If that brand goes under so does your business, if that brand becomes multinational your business will expand and you will have more success. (Maybe I should have become an economics lecturer!)
I think God is into market growth, he tells us to go into the whole world, and he wants everyone to hear about him and longs for the world to come into relationship with him.
I’m hugely grateful that God allows me to participate in this franchise and that I am allowed to see people’s lives changed right in front of my eyes. He has given me a share of his Kingdom, a share in the Kingdoms “market growth”
My job in the Kingdom, as I said earlier, is to show the young people in my community who Jesus is and introduce them to him. I really like my job description but the truth about it is;
Im not the only person in my community with that job description.
I could write a long list of people I know who serve in other churches and youth organisations who feel that God has called them to this vision and they are all going about their jobs in their own way, the way God has gifted to them. I would have no doubts that this situation is repeated in every town and city across your county.
The Penny Drops
After this realisation it hit me;
God has franchised the work of his Kingdom amongst young people to us, not me but us.
He needs lots of us to have to have the vision to reach the amount of young people he wants to see come home. The advancement of his Kingdom can’t happen through my youth ministry alone. If we think about that in a business context it would sound ridiculous; it would be like Starbucks trying to be a multinational company but only wanting to open one store.
You see I need to be a team player; I need to be thinking about the franchisor; The Father, Son and Holy Spirit.
If I was truly concerned about Gods vision for young people I would be praying for other churches and youth organisations in my community. Praying that God would bring young people to them, that he would bless them and allow them to lead hundreds and thousands of young people into relationship with him, I’d be praying for them like I pray for me and my youth ministry.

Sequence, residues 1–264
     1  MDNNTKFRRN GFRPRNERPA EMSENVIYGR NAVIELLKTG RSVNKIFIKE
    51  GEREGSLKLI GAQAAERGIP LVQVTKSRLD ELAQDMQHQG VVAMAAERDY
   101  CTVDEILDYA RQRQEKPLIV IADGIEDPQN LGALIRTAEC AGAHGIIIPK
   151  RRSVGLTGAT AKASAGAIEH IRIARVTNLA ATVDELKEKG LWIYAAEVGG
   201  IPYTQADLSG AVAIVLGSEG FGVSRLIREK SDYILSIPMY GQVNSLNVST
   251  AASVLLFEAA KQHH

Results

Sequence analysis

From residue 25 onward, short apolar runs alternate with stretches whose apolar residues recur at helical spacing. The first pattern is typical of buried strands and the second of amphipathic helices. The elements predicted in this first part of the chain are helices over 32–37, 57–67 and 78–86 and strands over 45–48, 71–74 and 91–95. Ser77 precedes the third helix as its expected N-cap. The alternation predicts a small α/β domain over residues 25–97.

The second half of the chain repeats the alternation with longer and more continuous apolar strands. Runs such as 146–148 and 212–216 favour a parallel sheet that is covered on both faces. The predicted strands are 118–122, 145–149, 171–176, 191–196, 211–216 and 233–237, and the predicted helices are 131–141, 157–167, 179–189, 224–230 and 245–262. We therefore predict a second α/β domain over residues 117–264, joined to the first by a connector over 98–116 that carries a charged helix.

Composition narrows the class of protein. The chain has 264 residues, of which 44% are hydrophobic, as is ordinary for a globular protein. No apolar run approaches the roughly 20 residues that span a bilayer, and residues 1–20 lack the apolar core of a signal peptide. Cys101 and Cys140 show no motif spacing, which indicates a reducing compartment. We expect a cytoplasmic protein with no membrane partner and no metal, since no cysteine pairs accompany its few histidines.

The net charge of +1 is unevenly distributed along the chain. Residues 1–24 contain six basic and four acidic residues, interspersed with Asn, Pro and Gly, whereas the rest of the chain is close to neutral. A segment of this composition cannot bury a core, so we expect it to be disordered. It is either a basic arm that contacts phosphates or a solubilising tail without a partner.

If I was truly concerned about Gods vision for young people I would be happy that this generation was encountering him somewhere, instead of getting involved in all the other traps today’s teenager faces. I would be happy that the new super duper youth group down the road was relevant to young people in my community.
The truth is the success of these other youth ministries in the long term will allow my youth ministry to grow further. I should be trying to learn from these ministries, gaining knowledge from their expertise whilst trying to understand more about the young people in my community and reworking and expanding what I am currently doing for them.
The truth for so many of us is that we have lost the vision that called us to this ministry and have become too consumed with “owning” our young people and the glory that we get from a flourishing youth ministry.
I don’t own my young people, God does, and he knows what is best for them. My job is to pray, help and encourage them on their journey to him regardless of whether they are in my youth ministry for 18 years or 18 minutes; I want to be faithful with what he has given me. I want to play my part in their journey and I want to play it well, but I want others to play it well also.
That is a tough ask for me and it’s a journey I am currently walking but Im convinced that it is from this place that I believe our youth ministries will grow, our communities will be blessed and this generation will fulfil the immense potential that we see in them.